Advertisement

© 2003

Urban Multiculturalism and Globalization in New York City

An Analysis of Diasporic Temporalities

Book

Table of contents

  1. Front Matter
    Pages i-xi
  2. Michel S. Laguerre
    Pages 1-5
  3. Michel S. Laguerre
    Pages 6-27
  4. Michel S. Laguerre
    Pages 28-49
  5. Michel S. Laguerre
    Pages 80-106
  6. Michel S. Laguerre
    Pages 107-140
  7. Michel S. Laguerre
    Pages 141-157
  8. Back Matter
    Pages 158-207

About this book

Introduction

This book focuses on American society as a transglobal nation and examines the temporal dimension of diasporic incorporation in New York City. It argues that immigrant neighbourhoods are faced not only with issues of economic and political integration, but also are engaged in a sublime and relentless effort of harmonizing the cultural rhythms of their daily life with the hegemonic temporality of mainstream society. Although much energy has been spent in explaining the segregated or ghettoized space of ethnic communities, there is, in contrast, a dearth of data on the subalternization, genealogy, and inscription of minoritized temporalities in the structural and interactional organization of the multicultural American City.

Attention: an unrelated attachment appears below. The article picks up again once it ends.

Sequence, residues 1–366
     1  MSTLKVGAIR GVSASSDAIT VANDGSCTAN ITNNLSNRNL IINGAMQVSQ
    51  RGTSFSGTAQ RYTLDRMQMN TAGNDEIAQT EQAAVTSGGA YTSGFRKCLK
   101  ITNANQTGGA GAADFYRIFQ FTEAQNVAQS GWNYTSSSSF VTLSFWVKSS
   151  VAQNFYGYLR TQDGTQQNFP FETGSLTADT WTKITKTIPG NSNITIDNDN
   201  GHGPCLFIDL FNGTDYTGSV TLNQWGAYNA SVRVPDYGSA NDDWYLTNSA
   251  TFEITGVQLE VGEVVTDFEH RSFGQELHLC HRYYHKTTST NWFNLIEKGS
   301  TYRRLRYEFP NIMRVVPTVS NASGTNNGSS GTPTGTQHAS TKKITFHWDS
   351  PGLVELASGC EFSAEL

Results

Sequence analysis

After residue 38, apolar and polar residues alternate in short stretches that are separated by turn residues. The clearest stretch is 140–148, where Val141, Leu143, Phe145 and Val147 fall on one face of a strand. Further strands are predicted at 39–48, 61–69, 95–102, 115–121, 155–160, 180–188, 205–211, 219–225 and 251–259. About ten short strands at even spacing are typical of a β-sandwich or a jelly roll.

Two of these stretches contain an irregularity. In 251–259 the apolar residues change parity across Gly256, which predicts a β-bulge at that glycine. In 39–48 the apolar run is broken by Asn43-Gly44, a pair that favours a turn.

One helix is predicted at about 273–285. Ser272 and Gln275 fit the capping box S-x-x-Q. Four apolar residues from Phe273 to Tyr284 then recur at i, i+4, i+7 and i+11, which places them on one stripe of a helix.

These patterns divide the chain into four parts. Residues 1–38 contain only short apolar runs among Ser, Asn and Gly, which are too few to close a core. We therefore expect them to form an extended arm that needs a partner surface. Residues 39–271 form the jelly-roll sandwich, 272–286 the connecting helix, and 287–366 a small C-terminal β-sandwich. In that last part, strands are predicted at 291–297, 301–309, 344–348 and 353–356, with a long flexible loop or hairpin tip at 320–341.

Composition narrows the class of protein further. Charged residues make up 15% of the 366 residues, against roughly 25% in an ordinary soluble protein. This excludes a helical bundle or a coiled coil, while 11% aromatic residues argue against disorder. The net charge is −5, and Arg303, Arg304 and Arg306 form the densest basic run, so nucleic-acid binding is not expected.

Keywords

energy globalization identity integration interaction organization organizations politics

Authors and affiliations

  1. 1.University of California at BerkeleyUSA

About the authors

MICHEL S. LAGUERRE is Professor and Director of the Berkeley Center for Globalization and Information Technology at the University of California at Berkeley. He has published several books including The Global Ethnopolis: Chinatown, Japantown and Manilatown in American Society. He is currently completing a new volume entitled The Digital City: Information Technology and Globalization in Silicon Valley.

Bibliographic information

Reviews

'Urban Multiculturalism and globalization in New York City should prove a key tool for any serious exploration into the concrete practises that make 'the global' a material reality in space and time.' - Steven Flusty, York University